Flash cards…

…help with memorization and image-based memory. This is best for whenever you know something is going to be on a test, and works best with basic concepts, rather than lots of details, because you’re memorizing it.

Hard copies are your friends.

There’s just something about getting the textbook and doing your studying, rather than reading the same thing on a screen. While we’re not entirely sure why, you require more repetition when reading from a computer or tablet, than you would with a book.

Highlighters are a god’s gift to mankind.

Because it’s simple and yet extremely effective. On a flat piece of paper, your eyes are drawn to the pop of color and you know it’s important to remember. Something as simple and easy as color has proven to be extremely effective for studying and retaining information.

Associations are also a huge help when it comes to complex answers.

While this won’t work for everyone, we know it does, indeed, work. Acronyms are a great way to remember multiple answers, or a list of things. Or, if your mind can work the crazy halls of association, then something a little crazier may work. You can use colors, animals, plants, whatever makes it easier for you!

There are tons of ways to study, but these are some of the simpler, less technology-driven ways that have been used since school required people to study! What other great studying tricks do you have? Let us know in the comments!

One of the most hated questions for a student is: “What do you want to be when you grow up?” Well, truth be told, they don’t know! Some people don’t find their callings until they are twenty-five, thirty-five — some people don’t even enter their ideal career until they’re in their fifties! There’s nothing wrong with that, either; live your best life, even if it takes longer than what should be “average.” We’re here to tell you that your skills, no matter what they are, can take you places.

Arts and Design, especially with digital and graphic design, could utilize your programming skills to help you create the best art you can. Not only will the results of learning it (that is, understanding coding languages and knowledge of development software), but also the personality skills you pick up as well, such as patience and an attention to detail.

Information Technology (IT), while not technically a programming job, heavily relies on the skills you gather from programming. Individuals within this industry need to have a knowledge of coding languages such as C++ and Adobe, but they also need to understand web development, which is a big part of the programming world.

Business Analysts use computer programming skills to help solve business-related problems through understanding and modification. It’s a good combination of IT work and business-centered focus.

Technical Writers are oftentimes employed by science and engineering companies to write clear and concise instructions on different programs and products both in written word and in visual or audio presentations. Technical writers will find their work comes easier if they already know how to use designing software, which a programming student would learn long before they turn in the application!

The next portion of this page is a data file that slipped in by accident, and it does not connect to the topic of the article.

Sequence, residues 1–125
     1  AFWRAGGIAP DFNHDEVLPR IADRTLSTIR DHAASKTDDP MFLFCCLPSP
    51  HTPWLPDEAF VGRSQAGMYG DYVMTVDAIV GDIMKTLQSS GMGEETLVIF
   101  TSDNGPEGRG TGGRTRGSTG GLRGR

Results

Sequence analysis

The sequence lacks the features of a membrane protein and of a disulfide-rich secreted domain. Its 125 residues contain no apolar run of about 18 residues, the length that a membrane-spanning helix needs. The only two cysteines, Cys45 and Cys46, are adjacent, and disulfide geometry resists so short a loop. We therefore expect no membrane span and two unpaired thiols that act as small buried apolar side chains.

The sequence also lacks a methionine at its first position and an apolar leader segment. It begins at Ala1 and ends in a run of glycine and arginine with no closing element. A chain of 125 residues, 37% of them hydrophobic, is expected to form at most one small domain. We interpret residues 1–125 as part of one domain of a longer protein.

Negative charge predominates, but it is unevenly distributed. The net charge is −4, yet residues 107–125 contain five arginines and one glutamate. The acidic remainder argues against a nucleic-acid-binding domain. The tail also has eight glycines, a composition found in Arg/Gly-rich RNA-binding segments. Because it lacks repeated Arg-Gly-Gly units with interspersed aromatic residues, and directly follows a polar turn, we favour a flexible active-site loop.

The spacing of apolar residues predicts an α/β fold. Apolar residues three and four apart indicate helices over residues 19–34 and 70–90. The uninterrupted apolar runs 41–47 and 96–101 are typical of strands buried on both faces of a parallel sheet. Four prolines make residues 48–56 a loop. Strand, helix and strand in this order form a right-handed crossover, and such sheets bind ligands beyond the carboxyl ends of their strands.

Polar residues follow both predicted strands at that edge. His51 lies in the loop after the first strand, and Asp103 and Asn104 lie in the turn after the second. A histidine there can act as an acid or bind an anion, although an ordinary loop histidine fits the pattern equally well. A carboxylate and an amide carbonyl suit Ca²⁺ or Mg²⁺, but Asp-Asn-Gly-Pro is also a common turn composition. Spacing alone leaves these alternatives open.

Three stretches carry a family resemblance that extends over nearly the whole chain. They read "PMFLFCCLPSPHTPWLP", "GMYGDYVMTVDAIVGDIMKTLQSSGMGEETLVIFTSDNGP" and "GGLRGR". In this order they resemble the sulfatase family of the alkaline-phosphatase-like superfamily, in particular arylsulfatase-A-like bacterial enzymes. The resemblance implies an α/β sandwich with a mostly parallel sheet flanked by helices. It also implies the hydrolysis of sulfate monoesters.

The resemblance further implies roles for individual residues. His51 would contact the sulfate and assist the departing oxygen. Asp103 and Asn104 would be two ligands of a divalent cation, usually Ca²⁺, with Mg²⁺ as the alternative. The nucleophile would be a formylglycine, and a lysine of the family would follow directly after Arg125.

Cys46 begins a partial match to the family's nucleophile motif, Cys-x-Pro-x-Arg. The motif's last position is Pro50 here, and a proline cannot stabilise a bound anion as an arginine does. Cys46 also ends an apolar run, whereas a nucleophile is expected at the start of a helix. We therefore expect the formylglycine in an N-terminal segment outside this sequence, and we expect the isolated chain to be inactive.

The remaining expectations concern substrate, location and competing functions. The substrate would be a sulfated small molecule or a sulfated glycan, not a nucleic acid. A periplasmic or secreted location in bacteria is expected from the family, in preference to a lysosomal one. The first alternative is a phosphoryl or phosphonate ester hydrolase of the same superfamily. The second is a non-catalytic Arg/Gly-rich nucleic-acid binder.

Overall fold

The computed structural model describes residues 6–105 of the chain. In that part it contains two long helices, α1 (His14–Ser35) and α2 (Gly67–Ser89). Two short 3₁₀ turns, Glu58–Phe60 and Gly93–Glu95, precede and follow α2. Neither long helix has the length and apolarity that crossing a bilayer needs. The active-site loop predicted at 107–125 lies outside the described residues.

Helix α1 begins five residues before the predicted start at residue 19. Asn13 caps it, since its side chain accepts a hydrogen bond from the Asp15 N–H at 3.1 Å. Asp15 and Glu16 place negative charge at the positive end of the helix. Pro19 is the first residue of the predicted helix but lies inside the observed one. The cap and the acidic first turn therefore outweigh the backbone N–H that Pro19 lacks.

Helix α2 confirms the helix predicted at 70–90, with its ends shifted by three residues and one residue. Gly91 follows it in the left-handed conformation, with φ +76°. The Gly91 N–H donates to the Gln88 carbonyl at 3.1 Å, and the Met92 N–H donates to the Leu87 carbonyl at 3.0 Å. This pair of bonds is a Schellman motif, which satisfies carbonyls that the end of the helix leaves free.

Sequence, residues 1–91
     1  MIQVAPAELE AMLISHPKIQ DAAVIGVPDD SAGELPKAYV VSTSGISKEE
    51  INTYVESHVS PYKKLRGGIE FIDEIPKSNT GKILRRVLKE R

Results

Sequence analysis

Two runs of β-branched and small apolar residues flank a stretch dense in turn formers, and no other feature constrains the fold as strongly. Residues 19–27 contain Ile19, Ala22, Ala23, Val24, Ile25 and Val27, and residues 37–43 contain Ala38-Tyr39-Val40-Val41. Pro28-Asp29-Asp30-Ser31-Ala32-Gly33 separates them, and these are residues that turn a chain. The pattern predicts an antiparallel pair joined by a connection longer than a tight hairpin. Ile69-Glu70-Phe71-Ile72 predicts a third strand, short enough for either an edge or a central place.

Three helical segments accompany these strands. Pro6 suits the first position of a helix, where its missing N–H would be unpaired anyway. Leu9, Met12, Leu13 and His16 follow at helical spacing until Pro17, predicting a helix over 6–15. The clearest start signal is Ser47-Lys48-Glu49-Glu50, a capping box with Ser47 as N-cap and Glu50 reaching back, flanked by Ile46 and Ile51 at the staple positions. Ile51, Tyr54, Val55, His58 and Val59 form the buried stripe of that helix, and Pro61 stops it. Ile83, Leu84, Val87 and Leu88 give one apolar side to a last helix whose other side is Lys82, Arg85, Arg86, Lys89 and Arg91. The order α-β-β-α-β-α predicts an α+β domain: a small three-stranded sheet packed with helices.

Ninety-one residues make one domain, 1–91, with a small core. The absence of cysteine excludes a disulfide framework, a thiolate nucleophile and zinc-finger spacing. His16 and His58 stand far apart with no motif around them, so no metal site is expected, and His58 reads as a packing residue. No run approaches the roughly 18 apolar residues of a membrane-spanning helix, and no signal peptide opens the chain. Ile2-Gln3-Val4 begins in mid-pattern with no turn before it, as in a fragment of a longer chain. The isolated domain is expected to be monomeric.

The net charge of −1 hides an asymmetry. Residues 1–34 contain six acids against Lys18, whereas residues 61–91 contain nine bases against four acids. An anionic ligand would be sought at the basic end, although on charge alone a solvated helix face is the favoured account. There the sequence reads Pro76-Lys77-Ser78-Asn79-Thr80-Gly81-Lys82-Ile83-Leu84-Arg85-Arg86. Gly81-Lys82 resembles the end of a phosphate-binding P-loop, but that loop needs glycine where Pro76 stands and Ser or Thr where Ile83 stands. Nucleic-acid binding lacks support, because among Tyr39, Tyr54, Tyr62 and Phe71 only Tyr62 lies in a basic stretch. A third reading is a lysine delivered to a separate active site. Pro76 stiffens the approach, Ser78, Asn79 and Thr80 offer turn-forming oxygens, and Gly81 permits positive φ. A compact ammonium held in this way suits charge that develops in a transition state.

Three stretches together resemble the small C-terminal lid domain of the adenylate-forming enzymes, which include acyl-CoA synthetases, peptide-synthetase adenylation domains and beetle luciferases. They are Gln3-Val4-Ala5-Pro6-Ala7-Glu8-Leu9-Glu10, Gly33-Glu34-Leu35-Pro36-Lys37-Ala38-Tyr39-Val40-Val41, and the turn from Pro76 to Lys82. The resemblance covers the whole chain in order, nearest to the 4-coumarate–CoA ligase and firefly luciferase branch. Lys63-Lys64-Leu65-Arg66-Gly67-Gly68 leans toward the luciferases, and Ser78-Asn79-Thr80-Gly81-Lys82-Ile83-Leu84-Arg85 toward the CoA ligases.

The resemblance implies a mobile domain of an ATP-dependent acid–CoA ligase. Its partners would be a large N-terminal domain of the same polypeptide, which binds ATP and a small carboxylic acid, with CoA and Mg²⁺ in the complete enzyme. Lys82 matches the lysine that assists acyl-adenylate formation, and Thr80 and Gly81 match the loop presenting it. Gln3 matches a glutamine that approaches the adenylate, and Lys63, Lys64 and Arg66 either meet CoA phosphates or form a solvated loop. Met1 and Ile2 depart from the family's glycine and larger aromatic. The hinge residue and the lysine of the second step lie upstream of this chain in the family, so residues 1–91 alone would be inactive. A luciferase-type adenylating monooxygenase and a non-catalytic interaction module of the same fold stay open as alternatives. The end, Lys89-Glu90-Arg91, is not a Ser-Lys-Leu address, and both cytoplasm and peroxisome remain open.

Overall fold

Having coding skills can benefit you in many careers beyond simply programming alone — explore what the world has to offer!

So, you’ve found yourself in a low place. You might have failed a big test, or gotten a bad peer review on a project, and your world honestly feels like it’s crushing you into a human jelly. We get it, and we’ve all been there. Unfortunately, that feeling isn’t uncommon for adults, either, and it’s something that we all need to work on, even if it’s just one slice after another. The good news is that, even though that dark space in your mind and body feels pretty intense, it’s not the end of your journey, and it’s definitely not the last time that you can tackle that project. Here’s how you can get that motivation back:

Step 1: Breathe.

What happened, happened, and you can’t go back and change the fact that it did. (If you can retake a test, great, but not everyone is so lucky.) Clear your mind with some deep breathes, because you’re just getting warmed up, and all the world’s going to see your determination and dedication.

Step 2: Understand the Problem.

This is probably the hardest part of everything, because you need to humble yourself enough to analyze what went wrong the first time. Did you study enough? Was there something on your mind? What answers got away from you and why? Another question to ask yourself is: “Do I care?” If you don’t care about what you’re doing, then you’re going to put out sub par work and effort. Should you completely hate the subject and have only a legal obligation to complete it, then find a silver lining; what will completing this task gain you?

Step 3: Make a Game Plan.

Once you’ve discovered the issue from the first failure, then build a solid way to carry your new goal home. Realized you didn’t study enough? Set aside a specific time for studying each day so that it doesn’t get away from you. Did your nerves get the best of you during your recital? Try practicing in front of more people each day, and tell yourself every day with a new inspirational quote or two that you’ve got this!

Step 4: Rock It.